Respiratory Distress and Pronounced Muscular Weakness Signal Trouble

Respiratory Distress and Pronounced Muscular Weakness Signal Trouble
Respiratory Distress and Pronounced Muscular Weakness Signal Trouble

Mr. S was brought to the emergency department (ED) by ambulance after a presumed suicide attempt. Earlier in the day, he had an argument with his 13-year-old daughter, who was threatening to hurt herself after being bullied at school.

When questioned in the ED, Mr. S admitted to drinking three 12-oz cans of beer and ingesting four packets of a substance known to be rat poison just prior to arrival. During preliminary examination, Mr. S complained of shortness of breath, dizziness, and excess secretions in his mouth. He displayed fecal and urinary incontinence, and muscular spasms in his abdomen and both legs.

The patient denied any prior psychiatric history, other drug use, or active suicidal ideation. He also claimed to have no history of chest pain, alcohol withdrawal or seizures. Medical history was significant for alcohol use (a minimum of two 6-packs of beer every weekend). Mr. S was hospitalized for pancreatitis in 2002 and a subsequent cholecystectomy.


Vital signs in the ED were as follows: temperature 36.7, BP 125/93, heart rate 56, respiratory rate of 16 beats/minute and oxygen saturation was 87% on room air. Head exam was notable for pinpoint pupils; there was noticeable hypersalivation. Lungs were clear. Heart sounds were normal. Abdomen was mildly distended and tender to palpation in epigastrium. Extremities were warm and without edema. Calf muscle fasciculations were noted bilaterally.

ECG showed sinus rhythm at a rate of 68 with no ischemic changes. QTc was 433msec.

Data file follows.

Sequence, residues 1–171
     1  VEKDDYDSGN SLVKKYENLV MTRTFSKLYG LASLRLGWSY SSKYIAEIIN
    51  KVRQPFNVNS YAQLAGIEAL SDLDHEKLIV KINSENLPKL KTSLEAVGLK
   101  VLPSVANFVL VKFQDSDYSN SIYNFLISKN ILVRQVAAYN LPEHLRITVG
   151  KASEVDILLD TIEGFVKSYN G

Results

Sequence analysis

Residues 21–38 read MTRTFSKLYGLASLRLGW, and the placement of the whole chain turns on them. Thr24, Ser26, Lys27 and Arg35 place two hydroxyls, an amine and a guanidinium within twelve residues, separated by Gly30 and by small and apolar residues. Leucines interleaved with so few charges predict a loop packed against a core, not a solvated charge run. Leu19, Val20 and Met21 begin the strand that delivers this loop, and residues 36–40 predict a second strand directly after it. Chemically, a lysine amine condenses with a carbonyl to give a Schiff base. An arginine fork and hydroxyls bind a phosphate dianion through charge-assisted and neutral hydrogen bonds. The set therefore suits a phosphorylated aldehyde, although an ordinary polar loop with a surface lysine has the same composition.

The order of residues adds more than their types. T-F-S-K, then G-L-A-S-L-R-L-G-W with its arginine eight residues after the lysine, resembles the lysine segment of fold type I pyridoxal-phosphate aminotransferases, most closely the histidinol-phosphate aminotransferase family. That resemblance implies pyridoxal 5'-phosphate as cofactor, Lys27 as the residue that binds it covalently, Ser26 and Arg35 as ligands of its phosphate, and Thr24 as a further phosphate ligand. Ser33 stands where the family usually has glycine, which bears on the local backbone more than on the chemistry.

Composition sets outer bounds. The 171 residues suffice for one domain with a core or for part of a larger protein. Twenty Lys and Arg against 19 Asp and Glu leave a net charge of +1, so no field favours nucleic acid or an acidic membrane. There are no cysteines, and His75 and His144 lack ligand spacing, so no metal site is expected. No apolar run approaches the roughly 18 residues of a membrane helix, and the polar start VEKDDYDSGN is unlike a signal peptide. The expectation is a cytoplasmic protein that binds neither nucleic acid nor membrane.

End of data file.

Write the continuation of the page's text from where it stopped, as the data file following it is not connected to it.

WBC was 14,800/uL with hemoglobin 16.6g/dL. International normalized ratio was 0.91. Liver panel showed aspartate transaminase 33units/L, alanine amino­transferase 84units/L, and alkaline phosphatase 80units/L. Urine toxicology screen was notable for amphetamines. Alcohol level was 23mg/dL. Chest x-ray was unremarkable.


Taking a detailed history and recognition of the physical symptoms of cholinergic crisis are most important in diagnosis, as toxicology screens will be of little utility.1 Many chemical agents have a characteristic petroleum or garlic-like odor. The clinical features of cholinergic excess — best remembered by the mnemonic SLUDGE (Salivation, Lacrimation, Urination, Defecation, Gastrointestinal Distress, Emesis) or DUMBELS (Diarrhea, Urination, Miosis, Bradycardia, Emesis, Lacrimation, Salivation) — should raise the question of organophosphate poisoning.1

Children present differently from adults, with the most common manifestations being seizures (in 22%-25%), and mental status changes including lethargy and coma (in 54%–96%) one study noted.2 Every attempt should be made to identify the toxic agent.

When diagnosing, laboratory tests are generally not helpful. RBC acetylcholinesterase and plasma pseudocholinesterase levels will be depressed, if these tests are available. Therefore, it is important to administer treatment prior to laboratory confirmation of toxicity. Chest radiographs may reveal pulmonary edema. Sinus tachycardia is the most common finding seen on ECG, although sinus bradycardia with PR prolongation can develop secondary to increased parasympathetic activation.